Michèle Pelletier received a bachelor’s degree in nursing from the Université de Moncton in 1989 and a bachelor of laws from the same university in 1992. She is a barrister-solicitor and has been a member of the Law Society of New Brunswick since June 1994. She was a lawyer at Plourde and Arseneault in Dalhousie from June 1994 to April 1996, and she has been a lawyer at Arseneault and Pelletier since April 1996, where she also manages the office. She practices law in both official languages and has successfully argued many cases involving insurance, family, and contract law. She has been vice-chair of the WorkSafe NB Appeals Tribunal since 2015. She also sat on Service New Brunswick’s board of directors, where she became familiar with the operations of provincial agencies and commissions. Pelletier has been a member of the Association des juristes d’expression française du Nouveau-Brunswick since 1994, and of the Real Property Review Committee of the Law Society of New Brunswick since 2015.
Chief Electoral Officer of the Province of New Brunswick
Kimberly Poffenroth received a bachelor of arts in history from the University of New Brunswick in 1992 and a bachelor of laws from the same university in 1995. After clerking with the New Brunswick Court of Appeal, she was admitted to the New Brunswick bar in 1996 and began practice with the Moncton law firm of Murphy Collette Murphy. In December 1998, she joined the legislative services branch of the New Brunswick Office of the Attorney General as legislative counsel. She assumed various managerial roles with the legislative services branch until she was appointed acting chief legislative counsel and acting assistant deputy attorney general in October 2010, an appointment which was made permanent in July 2012. She is a member of various professional organizations. She is a past president of the New Brunswick branch of the Canadian Bar Association and a current member of its council and of the association’s national standing committee on resolutions, bylaws and constitution. She has also served as a member of council for the Law Society of New Brunswick and as president of both the York Sunbury Law Society and the New Brunswick Crown Counsel Association.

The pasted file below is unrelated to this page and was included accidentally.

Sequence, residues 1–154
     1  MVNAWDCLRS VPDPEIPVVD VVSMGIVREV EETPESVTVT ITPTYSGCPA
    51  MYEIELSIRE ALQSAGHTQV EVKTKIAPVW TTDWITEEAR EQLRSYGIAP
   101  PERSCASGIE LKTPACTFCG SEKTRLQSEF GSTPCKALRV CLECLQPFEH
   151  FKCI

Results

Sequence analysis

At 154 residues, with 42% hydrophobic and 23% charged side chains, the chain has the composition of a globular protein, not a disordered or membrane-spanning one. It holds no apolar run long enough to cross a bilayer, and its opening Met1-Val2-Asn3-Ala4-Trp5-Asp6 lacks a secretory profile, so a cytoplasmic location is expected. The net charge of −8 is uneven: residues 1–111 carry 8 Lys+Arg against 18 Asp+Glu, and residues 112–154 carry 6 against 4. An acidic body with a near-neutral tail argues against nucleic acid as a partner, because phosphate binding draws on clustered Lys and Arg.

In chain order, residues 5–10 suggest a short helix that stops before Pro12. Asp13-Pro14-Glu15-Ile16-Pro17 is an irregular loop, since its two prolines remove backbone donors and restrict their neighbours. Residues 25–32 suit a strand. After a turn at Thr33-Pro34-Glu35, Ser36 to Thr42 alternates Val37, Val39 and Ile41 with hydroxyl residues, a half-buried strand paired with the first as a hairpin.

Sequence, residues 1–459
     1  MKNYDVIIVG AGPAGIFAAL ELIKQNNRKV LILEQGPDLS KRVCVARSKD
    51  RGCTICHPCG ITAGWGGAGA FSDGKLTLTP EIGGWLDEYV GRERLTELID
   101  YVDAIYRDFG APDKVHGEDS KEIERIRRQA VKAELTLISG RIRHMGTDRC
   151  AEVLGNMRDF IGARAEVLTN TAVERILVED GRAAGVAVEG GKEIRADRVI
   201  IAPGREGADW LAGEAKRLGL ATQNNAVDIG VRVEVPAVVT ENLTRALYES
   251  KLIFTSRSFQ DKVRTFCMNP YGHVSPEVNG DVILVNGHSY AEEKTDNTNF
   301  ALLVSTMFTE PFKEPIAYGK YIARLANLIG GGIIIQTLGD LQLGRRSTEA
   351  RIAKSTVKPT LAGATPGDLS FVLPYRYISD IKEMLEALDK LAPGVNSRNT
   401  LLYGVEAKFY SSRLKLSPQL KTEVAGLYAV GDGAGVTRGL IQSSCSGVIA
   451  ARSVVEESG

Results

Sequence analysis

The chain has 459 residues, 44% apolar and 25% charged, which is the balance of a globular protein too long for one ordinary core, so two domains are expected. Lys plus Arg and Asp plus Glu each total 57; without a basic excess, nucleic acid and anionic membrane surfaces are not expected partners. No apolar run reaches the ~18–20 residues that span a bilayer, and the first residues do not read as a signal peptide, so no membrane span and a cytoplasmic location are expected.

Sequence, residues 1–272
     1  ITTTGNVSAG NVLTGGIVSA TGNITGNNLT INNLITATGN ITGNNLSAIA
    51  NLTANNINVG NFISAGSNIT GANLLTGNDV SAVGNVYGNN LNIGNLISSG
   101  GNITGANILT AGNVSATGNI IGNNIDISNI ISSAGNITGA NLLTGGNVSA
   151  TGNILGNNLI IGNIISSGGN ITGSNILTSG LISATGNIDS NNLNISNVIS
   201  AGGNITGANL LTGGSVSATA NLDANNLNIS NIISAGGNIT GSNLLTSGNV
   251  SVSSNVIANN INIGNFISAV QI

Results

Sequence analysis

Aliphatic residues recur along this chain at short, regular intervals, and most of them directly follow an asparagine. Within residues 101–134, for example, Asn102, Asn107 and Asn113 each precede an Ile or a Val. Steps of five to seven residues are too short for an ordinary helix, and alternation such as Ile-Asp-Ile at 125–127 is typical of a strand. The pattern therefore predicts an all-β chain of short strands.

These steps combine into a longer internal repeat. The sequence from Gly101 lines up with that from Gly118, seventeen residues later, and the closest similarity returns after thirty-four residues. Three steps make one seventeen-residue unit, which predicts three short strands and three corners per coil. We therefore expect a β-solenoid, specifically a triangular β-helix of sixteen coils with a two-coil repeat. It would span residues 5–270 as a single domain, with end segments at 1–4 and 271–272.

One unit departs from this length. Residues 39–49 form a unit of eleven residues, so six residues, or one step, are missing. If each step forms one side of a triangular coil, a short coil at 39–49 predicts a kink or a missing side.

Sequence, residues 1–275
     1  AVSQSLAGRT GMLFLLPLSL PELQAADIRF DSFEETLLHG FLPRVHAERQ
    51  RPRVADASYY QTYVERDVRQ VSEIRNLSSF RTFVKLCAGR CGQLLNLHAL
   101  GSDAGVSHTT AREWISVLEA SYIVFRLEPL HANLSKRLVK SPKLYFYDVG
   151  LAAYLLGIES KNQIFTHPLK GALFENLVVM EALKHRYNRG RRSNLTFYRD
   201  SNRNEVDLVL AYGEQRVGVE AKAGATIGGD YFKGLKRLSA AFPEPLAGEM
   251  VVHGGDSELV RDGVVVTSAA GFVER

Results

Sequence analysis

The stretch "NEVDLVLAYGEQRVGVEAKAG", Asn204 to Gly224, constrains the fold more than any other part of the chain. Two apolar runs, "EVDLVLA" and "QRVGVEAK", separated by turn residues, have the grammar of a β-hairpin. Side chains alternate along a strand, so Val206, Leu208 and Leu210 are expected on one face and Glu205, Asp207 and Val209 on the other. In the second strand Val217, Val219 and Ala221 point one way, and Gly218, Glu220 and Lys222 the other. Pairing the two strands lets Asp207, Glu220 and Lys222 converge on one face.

Judge Alexandre Deschênes is married to Huguette (Savoie) Deschênes and has two sons, François and Alain. He studied at College of Saint Joseph in Memramcook from 1960 to 1962, the University of Ottawa from 1962 to 1965 (BA) and the University of New Brunswick (LLB, 1968). He was admitted to the bar in 1968. He was legal counsel in the Department of Justice in Fredericton from 1968 to 1971. He was in private practice from 1972 to 1982 and specialized in civil litigation as a partner in the law firm of Michaud, LeBlanc, Robichaud and Deschênes in Shediac and Moncton. In 1982, he was appointed as a judge of the Court of Queen's Bench (Trial Division) in Campbellton. In 1984, he joined the Family Division of the Court of Queen's Bench in Moncton and, in 1988, he came back to the Trial Division of the Court for the Judicial District of Bathurst. In 2000, he was appointed to the Court of Appeal of New Brunswick. On July 30, 2009, he was appointed to the Court Martial Appeal Court of Canada.